After three hours or so, I meet up with the Neretva River, whose deep, abundant green comes as a shock. I follow it through the outer suburbs of Mostar, to my hotel, the Park Villa (much less glamorous than it sounds). I leave the car there and trace the river back by foot, past the old mosque, through the shopping district, to the Mostar Bridge, which arches impossibly high over the banks of the Neretva, like an an animal stretching its back. The old stone bridge, built by the Ottomans in 1566, destroyed in 1994, and rebuilt in 2004, connects the two halves of an increasingly polarised city. It reaches from the Bosniak ‘side’ to the Croat one. I don’t realise or recognise this while I’m there though. It’s only later, in Banja Luka, when a melancholy Serb veteran describes Mostar as a face ‘split in two’.
Even in late October, the bridge is full of visitors, who make their way across with tiny, tentative steps. I, too, am so concentrated on my feet that I barely register that I’m crossing the bridge at all. I prefer to look at it from a distance. The next day, I sit down on the river bank below and watch Croat teenagers leap from a nearby springboard and a group of Bosniak school children pick their noses and scratch sticks into the mud.
I am very touched by Croatian journalist Slavenka Drakulić‘s book, ‘The Balkan Express’ (purchased by accident in Dubrovnik), especially her essay about the Mostar bridge’s destruction during the Bosnian war. Written immediately after the bridge’s collapse, it speaks of an immense collective sadness, a void, something more unimaginable than death itself. I wish I could ask her for her thoughts on its reconstruction: What it meant for the broken country then, and what it means for the divided country now. Perhaps one day I’ll have the chance.
I have three photos of Mostar in front of me. One is a postcard, a sepia-coloured photo printed on poor, cardboard-like paper. It is dated September 1953, when my father sent it to us on his first visit to Bosnia-Herzegovina. In the centre of the photo is the Old Bridge— all postcards of Mostar have that bridge on them, of course— and a part of the old city. ‘I think of you as I walk over this beautiful bridge,’ he wrote to my mother and me in Rijeka, Croatia. I can imagine him walking there on a warm autumn day. Coming to the middle, to the place where young boys used to jump into the river to prove their courage, he must have leaned over the stone railing and looked into the Neretva below, quick and silent as a snake. He must have stopped there, overwhelmed by the elegance of the stone construction. When his hands touched the bridge, he must have felt its smoothness and warmth, as if he had touched skin instead of stone. It was as if the bridge had a life of its own, a soul given to it by the people who had crossed it in its almost four hundred years of existence. It was erected in 1566 during the Turkish Empire and, the story goes, the stones were stuck together with mortar that had been mixed with the whites of eggs. Serbs and Turks, Croats and Jews, Greeks and Albanians, Austrians and Hungarians, Catholics, Orthodox, Bogumils and Muslims— all had stopped at the same spot, rested on the same stone. I was four when he wrote that postcard, and I know that he was certain that one day I would see and touch the Mostar bridge, too.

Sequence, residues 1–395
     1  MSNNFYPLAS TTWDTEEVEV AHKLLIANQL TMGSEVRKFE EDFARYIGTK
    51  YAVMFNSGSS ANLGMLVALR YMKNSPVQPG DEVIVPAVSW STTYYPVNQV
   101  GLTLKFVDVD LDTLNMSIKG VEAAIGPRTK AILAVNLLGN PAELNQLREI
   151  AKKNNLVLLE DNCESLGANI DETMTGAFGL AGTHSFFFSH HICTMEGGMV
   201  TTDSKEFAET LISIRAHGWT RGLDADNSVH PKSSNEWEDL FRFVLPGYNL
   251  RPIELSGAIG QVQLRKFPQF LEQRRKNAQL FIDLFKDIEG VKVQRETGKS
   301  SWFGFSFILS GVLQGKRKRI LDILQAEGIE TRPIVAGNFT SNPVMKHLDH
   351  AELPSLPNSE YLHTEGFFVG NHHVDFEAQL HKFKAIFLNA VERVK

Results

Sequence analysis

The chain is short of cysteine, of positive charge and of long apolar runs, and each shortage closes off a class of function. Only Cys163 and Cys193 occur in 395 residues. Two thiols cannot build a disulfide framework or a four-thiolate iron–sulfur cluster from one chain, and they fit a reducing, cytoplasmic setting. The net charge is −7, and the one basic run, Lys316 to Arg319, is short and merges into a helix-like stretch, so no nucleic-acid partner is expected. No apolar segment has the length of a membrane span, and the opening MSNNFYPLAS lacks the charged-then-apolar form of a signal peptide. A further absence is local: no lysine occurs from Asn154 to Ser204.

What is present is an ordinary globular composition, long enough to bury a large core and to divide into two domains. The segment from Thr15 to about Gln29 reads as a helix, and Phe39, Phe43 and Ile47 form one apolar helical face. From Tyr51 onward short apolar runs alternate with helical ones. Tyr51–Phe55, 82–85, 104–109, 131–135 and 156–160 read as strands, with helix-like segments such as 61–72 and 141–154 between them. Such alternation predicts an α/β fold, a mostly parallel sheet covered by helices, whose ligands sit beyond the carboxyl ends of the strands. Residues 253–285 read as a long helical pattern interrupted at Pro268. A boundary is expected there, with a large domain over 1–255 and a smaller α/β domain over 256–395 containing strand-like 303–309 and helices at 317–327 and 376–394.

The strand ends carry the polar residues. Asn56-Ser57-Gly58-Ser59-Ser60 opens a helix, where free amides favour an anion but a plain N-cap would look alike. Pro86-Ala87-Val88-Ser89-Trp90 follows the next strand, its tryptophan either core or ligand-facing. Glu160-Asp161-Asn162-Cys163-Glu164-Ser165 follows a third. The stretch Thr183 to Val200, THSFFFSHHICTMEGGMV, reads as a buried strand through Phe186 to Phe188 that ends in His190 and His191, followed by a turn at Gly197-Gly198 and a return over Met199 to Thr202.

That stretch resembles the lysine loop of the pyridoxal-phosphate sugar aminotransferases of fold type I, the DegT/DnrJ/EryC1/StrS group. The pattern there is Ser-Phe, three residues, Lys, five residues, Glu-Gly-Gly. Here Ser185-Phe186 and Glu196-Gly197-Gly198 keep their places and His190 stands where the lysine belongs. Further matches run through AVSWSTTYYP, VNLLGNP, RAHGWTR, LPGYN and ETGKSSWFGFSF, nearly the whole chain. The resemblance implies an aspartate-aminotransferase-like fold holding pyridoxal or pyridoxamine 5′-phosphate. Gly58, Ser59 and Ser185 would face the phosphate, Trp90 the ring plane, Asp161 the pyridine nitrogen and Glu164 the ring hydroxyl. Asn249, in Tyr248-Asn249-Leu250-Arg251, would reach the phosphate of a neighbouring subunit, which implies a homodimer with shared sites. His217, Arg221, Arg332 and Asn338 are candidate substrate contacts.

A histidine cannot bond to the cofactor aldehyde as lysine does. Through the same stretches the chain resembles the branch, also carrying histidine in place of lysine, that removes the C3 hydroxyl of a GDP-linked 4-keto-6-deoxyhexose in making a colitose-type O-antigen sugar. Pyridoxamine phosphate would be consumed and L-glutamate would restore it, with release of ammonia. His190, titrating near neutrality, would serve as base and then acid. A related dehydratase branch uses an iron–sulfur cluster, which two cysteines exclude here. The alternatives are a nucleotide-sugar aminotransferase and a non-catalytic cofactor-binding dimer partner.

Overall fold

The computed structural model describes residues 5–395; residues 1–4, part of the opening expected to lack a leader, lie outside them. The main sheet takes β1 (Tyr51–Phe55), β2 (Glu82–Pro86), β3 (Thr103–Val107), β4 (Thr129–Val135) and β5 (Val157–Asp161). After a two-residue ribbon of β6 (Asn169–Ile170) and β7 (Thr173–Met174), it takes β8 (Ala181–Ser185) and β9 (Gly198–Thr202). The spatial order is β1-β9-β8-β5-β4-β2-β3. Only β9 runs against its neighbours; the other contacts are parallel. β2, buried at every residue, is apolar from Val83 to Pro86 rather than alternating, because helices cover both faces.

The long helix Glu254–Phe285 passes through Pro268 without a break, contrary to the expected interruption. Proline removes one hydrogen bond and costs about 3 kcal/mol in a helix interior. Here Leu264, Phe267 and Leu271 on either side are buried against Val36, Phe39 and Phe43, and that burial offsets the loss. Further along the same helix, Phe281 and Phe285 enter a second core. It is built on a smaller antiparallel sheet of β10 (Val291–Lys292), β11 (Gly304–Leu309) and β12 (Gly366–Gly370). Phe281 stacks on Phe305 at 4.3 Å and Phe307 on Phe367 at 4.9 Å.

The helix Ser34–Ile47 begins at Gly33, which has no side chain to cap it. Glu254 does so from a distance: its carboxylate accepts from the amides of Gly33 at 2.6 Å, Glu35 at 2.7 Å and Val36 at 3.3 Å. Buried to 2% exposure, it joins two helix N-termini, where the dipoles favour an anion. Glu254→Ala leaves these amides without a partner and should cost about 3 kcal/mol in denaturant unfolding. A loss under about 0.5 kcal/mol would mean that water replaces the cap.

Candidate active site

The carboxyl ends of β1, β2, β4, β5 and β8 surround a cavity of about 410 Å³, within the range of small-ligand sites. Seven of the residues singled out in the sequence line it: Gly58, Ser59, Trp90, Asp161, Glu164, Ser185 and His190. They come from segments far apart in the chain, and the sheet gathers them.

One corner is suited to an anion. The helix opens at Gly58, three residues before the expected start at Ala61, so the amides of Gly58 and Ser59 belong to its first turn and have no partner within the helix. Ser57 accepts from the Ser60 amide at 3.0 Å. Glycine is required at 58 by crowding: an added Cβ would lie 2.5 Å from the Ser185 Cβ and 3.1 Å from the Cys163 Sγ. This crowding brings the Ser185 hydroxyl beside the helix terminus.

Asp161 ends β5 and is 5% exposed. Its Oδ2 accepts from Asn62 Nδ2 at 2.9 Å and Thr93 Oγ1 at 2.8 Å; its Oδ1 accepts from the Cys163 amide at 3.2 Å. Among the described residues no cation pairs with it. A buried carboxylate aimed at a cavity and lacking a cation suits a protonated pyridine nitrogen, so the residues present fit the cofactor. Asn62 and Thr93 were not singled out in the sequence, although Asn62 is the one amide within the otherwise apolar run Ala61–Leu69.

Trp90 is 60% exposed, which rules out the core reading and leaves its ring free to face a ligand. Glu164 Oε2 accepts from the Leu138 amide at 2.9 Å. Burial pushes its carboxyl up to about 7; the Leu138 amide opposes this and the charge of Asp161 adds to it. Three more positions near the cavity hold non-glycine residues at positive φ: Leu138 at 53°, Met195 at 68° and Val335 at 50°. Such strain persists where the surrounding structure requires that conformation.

My father was wrong. I did not make it. I foolishly thought the bridge would be there forever. So I never went to Mostar, never walked from one bank of the river to the other. The bridge that saw so many wars, survived so many years, no longer exists. It collapsed in a second on November 9th. All I have to remember it by are these three photos: before, during and after. And I wonder what my father, dead for years now, would have said if he had seen this other photo, the last before the bridge was destroyed. Would he recognise it, ragged and pitiful as an old beggar, with a makeshift wooden roof, black automobile tires and sandbags piled in a futile effort to protect it from the occasional shelling that had started with the war?
When the bridge collapsed, it was Tuesday morning. A pleasant, sunny day, much like the one when my father visited Mostar. The town is only about seventy miles from the Adriatic Sea, so winter comes rather late. The bridge had been shelled since Monday afternoon. People who saw it say its collapse did not last long: at 10:30 A.M. the bridge just fell. As I look at the second picture, I try to imagine the sound of the Old Bridge falling down. A bridge like that doesn’t just disappear; its collapse must have sounded like a swift, powerful earthquake, the kind that people in Mostar have never heard before. Or maybe it sounded like an old tree splitting in two— a hollow crack surrounded by a long silence. Whatever the sound, the river swallowed it in a single morsel. A while later, it was as if the bridge had never existed.